At first it was just a line in a 1972 song, but very quickly, Don McLean’s words in ‘American Pie’ became the iconic shorthand for the first rock’n’roll tragedy – ‘the day the music died’ – was February 3rd, 1959. The plane crash deaths of Buddy Holly. Ritchie Valens and The Big Bopper shocked the teenagers of the 50s, and forever preserved their music and their images as we knew them then.
But, of course, their influence only grew as the years and decades went by. 65 years later, they’re in the history books, they’re part of our musical DNA, and they continue to inspire new generations. So how to honour their memory, celebrate their music, and mark this anniversary? Although no recording exists of that last show they gave at The Surf Ballroom in Clear Lake, Iowa on the night of February 2nd, 1959 – and even the set-list is a compendium of various witness memories – I will play the key songs they played that night in their proper sequence.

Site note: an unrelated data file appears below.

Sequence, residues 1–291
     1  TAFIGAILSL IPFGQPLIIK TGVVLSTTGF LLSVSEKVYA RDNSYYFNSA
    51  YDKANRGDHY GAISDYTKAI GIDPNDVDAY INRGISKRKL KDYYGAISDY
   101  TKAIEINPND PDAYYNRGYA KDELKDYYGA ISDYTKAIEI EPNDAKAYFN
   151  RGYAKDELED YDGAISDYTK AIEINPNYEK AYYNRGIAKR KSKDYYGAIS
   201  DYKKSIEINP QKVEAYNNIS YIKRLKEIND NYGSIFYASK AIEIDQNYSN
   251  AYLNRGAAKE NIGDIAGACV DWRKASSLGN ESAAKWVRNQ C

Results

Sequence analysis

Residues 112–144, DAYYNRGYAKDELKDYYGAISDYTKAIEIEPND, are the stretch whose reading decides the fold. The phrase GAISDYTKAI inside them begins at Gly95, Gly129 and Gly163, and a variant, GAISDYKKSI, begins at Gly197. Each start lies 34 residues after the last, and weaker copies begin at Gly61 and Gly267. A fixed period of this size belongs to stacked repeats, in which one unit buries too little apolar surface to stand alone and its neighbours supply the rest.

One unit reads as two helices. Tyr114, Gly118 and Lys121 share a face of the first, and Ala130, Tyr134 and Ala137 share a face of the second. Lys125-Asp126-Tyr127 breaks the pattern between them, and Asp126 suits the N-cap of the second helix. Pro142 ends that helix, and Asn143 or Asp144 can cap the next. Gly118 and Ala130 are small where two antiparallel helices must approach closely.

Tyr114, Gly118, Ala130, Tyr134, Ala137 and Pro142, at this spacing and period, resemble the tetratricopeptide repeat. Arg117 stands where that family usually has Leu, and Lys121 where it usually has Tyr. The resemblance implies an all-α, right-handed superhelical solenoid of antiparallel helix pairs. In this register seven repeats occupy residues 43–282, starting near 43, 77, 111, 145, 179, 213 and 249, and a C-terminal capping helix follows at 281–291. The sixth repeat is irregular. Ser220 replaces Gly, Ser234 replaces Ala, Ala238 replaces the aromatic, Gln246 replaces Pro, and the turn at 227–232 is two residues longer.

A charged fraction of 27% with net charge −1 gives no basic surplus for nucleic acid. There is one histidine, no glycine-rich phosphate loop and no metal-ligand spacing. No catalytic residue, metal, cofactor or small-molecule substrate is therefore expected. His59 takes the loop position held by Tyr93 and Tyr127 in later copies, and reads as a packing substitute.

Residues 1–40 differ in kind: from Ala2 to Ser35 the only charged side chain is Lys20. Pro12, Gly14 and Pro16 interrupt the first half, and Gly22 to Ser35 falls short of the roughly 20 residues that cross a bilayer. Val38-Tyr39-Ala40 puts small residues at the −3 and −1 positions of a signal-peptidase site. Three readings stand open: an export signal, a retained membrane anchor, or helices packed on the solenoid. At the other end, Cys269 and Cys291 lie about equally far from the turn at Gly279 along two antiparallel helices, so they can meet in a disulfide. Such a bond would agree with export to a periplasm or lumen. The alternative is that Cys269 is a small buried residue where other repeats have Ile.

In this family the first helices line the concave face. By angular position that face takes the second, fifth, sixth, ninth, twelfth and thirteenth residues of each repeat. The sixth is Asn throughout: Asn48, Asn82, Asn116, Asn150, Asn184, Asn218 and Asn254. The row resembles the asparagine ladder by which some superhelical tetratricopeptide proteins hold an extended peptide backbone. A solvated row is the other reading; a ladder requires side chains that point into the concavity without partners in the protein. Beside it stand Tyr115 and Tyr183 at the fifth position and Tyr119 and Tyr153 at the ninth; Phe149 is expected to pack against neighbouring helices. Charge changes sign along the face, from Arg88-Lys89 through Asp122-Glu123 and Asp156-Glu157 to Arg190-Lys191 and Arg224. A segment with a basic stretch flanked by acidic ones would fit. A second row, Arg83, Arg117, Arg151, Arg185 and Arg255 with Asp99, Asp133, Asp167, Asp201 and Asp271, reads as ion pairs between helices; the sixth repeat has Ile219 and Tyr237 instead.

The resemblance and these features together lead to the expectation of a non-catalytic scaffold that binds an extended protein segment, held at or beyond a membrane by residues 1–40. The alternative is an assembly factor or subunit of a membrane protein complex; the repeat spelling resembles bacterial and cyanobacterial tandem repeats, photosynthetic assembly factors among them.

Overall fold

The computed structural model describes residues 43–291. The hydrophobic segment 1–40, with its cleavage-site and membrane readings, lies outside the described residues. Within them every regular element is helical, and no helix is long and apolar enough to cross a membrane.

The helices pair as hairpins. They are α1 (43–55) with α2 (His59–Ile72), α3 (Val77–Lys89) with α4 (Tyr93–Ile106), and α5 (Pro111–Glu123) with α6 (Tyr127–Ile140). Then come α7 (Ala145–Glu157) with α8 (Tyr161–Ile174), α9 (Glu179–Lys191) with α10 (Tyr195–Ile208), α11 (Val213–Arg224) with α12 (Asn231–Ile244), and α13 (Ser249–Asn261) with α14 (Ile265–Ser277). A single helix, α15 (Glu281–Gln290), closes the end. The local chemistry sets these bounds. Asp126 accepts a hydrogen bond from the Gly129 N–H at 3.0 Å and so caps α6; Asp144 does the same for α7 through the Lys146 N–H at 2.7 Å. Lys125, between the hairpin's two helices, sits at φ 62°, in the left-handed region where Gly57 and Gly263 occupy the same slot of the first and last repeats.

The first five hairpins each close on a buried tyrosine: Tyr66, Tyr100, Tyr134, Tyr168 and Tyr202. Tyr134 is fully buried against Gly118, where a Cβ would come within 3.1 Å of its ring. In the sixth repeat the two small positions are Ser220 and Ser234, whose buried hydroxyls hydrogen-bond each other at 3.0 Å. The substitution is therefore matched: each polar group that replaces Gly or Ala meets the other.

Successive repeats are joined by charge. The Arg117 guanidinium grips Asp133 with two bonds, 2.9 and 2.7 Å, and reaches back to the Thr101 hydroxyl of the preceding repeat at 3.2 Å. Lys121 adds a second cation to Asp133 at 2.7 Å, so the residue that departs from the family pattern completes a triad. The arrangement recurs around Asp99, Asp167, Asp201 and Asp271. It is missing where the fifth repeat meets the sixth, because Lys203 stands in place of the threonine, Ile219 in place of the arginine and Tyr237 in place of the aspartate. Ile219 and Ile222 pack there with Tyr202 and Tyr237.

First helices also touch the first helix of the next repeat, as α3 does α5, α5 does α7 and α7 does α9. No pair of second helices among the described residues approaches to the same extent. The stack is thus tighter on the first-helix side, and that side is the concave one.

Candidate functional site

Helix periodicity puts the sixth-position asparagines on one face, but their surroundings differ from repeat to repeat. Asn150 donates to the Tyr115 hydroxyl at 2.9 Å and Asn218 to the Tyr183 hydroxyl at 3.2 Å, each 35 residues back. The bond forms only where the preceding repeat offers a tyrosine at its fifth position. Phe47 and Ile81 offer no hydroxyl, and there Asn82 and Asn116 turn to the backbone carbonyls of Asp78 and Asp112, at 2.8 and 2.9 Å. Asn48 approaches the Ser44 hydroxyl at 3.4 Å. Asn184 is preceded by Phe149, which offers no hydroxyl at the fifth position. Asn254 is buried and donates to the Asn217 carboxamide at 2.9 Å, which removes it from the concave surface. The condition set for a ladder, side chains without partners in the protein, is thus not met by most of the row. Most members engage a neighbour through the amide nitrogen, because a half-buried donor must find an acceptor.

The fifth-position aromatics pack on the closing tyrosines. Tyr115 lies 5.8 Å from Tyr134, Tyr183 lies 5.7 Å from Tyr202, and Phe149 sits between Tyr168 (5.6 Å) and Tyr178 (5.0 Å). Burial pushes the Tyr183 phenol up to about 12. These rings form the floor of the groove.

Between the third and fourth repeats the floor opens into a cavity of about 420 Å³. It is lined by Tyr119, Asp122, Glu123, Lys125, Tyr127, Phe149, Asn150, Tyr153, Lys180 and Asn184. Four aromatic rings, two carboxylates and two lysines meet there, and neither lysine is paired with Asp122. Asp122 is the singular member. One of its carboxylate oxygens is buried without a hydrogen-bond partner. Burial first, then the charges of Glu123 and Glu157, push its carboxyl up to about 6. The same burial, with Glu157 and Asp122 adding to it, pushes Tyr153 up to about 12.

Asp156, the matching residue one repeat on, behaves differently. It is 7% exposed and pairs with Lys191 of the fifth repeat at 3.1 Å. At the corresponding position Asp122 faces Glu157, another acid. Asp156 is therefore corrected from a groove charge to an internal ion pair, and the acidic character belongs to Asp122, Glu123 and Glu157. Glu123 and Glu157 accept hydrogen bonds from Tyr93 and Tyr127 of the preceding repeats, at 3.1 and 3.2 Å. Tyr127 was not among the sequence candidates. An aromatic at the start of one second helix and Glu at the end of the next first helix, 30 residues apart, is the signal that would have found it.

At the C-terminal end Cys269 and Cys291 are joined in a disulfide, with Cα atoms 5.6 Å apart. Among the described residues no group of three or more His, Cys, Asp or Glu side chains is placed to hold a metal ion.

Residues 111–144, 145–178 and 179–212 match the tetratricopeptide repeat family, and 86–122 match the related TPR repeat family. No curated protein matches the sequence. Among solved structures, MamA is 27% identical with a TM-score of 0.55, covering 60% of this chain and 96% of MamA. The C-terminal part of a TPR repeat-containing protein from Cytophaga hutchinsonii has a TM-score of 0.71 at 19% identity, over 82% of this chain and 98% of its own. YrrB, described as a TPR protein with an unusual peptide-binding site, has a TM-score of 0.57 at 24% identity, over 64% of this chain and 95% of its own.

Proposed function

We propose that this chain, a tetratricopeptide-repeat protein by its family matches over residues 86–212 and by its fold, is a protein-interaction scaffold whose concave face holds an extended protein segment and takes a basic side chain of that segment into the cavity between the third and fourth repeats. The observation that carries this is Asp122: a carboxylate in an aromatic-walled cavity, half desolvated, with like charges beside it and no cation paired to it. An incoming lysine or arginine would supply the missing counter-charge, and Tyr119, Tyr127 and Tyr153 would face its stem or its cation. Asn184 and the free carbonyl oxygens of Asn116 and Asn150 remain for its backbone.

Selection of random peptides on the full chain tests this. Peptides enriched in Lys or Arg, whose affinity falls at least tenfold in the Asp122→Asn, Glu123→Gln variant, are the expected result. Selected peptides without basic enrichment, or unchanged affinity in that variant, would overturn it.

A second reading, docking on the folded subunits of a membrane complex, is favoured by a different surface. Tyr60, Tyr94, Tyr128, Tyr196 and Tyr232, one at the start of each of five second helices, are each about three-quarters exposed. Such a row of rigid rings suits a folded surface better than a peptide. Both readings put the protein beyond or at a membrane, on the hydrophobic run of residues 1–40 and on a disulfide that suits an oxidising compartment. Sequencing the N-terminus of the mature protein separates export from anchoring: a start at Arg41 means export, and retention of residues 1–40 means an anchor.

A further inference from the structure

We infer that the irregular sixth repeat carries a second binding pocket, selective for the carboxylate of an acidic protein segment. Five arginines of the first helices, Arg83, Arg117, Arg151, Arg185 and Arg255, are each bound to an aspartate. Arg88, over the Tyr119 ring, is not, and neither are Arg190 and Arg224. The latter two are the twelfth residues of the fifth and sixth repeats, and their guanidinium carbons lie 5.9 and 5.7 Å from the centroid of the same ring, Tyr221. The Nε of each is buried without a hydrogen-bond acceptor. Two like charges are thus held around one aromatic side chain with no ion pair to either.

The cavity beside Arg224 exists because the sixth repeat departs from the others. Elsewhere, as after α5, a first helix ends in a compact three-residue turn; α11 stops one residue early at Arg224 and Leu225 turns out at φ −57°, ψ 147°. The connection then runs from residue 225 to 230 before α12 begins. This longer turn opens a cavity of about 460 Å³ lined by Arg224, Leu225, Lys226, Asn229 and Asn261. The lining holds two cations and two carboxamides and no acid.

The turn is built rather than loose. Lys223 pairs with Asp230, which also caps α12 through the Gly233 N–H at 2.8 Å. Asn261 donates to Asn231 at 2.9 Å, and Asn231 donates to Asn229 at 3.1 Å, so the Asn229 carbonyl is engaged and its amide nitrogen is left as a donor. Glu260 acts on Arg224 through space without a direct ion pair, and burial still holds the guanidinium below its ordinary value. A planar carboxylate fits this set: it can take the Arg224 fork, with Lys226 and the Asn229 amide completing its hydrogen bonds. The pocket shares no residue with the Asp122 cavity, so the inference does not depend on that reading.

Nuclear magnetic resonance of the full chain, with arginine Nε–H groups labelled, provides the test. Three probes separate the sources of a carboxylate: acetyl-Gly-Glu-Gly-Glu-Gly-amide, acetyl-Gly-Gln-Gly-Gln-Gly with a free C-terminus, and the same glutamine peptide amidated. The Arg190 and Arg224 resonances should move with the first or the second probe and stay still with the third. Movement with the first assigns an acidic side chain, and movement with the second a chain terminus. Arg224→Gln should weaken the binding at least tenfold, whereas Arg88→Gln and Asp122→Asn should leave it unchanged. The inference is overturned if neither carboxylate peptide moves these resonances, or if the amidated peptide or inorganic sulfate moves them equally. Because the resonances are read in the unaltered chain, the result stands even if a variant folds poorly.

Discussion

And – by the way – there were two other acts on that ill-fated Winter Dance Party Tour, who did not take the airplane and lived to carry on; I’ll play them as well. Their music and their stories in one fascinating hour that I hope you’ll tune in for this Sunday at 3 o’clock.
That’s in addition to our new first-hour feature: ‘The Sunday Sock Hop’ with great songs from the 50s and early 60s, and our final half-hour spotlight on one of Canada’s first teen-idols: Terry Black. That’s all on the next ‘Vintage Favourites’, this Sunday (Jan.28) from 2:00 to 4:30pm.